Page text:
1 - 7 weeks. The treatment is given over the course of several weeks, depending on the individual patient.
Radiotherapy

Patients will meet with an oncologist to discuss their treatment plan.

Time requirements

Number of days in hospital Patients will usually leave the same day, however if being performed in combination with chemotherapy, an overnight stay may be required.
Average length of stay abroad 1 - 7 weeks. The treatment is given over the course of several weeks, depending on the individual patient.

Time requirements

Number of days in hospital

Patients will usually leave the same day, however if being performed in combination with chemotherapy, an overnight stay may be required.

Average length of stay abroad 1 - 7 weeks.

The treatment is given over the course of several weeks, depending on the individual patient.

Radiotherapy
Patients will meet with an oncologist to discuss their treatment plan.

How to find quality treatment abroad

Every year, close to 14 million patients travel worldwide for the purpose of receiving medical care. At MEDIGO, we provide our patients with access to the top clinics and doctors around the world. To discover where the best Radiotherapy clinics are for you, contact MEDIGO below to talk to us in complete confidence.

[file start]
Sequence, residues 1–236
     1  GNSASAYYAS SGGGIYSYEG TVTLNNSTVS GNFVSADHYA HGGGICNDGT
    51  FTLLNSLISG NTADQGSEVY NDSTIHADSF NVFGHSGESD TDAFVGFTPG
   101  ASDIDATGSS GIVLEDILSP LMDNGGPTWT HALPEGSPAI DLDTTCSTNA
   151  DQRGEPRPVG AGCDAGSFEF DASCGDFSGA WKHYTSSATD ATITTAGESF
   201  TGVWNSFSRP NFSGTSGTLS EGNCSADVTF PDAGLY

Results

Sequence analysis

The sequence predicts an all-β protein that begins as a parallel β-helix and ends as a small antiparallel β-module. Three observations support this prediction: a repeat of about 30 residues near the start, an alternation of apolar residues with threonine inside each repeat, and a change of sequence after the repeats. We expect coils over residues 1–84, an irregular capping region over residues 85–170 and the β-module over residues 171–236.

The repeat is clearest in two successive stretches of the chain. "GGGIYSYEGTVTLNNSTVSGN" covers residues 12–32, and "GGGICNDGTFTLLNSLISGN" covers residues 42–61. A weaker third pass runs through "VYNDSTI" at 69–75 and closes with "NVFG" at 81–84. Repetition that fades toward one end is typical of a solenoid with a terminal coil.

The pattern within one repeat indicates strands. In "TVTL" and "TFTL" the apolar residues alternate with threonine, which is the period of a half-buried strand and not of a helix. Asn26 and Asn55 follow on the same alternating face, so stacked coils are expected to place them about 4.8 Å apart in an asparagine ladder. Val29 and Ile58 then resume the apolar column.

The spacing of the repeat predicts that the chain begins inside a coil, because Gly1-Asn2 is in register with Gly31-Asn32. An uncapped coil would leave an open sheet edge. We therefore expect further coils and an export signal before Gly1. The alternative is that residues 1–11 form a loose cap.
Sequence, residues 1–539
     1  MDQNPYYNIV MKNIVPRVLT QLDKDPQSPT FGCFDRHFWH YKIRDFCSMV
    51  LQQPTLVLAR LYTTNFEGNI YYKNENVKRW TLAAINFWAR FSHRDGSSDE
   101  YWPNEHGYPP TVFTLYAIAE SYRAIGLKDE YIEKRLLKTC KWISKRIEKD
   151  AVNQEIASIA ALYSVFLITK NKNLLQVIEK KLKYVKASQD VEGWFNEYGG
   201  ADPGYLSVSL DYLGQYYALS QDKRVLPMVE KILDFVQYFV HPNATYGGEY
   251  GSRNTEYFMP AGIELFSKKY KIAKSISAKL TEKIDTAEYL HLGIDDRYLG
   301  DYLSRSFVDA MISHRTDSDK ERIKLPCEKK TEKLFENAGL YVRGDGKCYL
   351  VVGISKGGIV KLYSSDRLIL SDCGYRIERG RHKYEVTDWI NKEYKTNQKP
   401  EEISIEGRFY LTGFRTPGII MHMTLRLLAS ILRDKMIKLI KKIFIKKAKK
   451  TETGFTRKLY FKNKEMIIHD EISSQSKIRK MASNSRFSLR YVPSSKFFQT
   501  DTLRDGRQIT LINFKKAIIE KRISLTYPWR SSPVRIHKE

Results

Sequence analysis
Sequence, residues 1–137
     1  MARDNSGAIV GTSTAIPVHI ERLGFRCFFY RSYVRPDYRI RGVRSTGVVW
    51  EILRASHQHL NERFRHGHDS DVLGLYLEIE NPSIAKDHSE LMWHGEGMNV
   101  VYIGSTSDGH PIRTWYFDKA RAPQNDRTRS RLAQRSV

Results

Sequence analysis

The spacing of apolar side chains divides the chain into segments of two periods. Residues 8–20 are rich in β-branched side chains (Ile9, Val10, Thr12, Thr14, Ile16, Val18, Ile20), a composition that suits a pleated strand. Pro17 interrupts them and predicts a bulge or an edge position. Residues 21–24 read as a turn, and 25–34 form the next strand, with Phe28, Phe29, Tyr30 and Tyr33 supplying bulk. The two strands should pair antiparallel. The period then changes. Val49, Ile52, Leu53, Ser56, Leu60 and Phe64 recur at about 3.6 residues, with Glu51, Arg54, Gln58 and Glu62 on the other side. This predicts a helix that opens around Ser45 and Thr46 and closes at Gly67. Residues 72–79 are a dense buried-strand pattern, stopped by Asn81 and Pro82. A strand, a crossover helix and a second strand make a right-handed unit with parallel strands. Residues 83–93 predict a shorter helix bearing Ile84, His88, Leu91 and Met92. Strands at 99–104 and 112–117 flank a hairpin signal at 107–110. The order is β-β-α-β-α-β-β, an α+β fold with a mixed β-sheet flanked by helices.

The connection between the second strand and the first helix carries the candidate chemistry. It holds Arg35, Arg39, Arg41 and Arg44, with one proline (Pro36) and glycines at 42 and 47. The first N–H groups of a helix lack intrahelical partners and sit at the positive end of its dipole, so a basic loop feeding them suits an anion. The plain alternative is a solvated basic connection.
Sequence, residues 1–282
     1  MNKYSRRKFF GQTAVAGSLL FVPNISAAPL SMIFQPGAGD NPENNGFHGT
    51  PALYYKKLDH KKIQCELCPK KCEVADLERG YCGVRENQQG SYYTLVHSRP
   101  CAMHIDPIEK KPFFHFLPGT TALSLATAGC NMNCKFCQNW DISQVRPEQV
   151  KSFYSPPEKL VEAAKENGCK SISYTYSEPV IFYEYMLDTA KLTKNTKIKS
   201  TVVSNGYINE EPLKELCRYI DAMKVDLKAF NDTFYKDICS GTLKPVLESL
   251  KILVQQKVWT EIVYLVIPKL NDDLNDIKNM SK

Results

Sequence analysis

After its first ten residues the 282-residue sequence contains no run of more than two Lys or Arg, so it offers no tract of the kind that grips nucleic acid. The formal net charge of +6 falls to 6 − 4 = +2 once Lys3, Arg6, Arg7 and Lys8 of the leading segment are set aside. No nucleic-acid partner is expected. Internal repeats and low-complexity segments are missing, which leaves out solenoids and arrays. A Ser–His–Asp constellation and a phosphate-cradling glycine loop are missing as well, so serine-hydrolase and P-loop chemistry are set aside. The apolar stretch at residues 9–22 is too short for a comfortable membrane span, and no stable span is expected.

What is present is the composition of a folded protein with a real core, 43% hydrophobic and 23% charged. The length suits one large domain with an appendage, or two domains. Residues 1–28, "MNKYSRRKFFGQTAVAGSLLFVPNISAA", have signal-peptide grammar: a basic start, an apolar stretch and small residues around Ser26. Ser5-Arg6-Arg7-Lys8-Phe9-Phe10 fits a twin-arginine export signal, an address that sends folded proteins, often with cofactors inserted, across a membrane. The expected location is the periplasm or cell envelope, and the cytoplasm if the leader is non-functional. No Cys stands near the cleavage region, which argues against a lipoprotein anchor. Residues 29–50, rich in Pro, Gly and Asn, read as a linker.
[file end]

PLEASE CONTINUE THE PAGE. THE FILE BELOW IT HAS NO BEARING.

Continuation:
200000

Patients who used MEDIGO

1200

Clinics across 35 countries

195

Countries represented by MEDIGO patients

20

Languages spoken at MEDIGO
Interested in Radiotherapy abroad?

Take the next steps in your medical journey by inquiring with MEDIGO below.

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Before Radiotherapy abroad

Before the treatment, the oncologist will assess the patient's overall health and will usually perform an MRI (magnetic resonance imaging) or CT (computed tomography), to locate the cancer and ensure it has not grown or spread since the last scans.

The oncologist will then prepare a treatment plan tailored to treat the patient's cancer. This may include other treatments to be combined with radiotherapy. They will decide on the dosage of radiation to be used and on how often the patient will need it.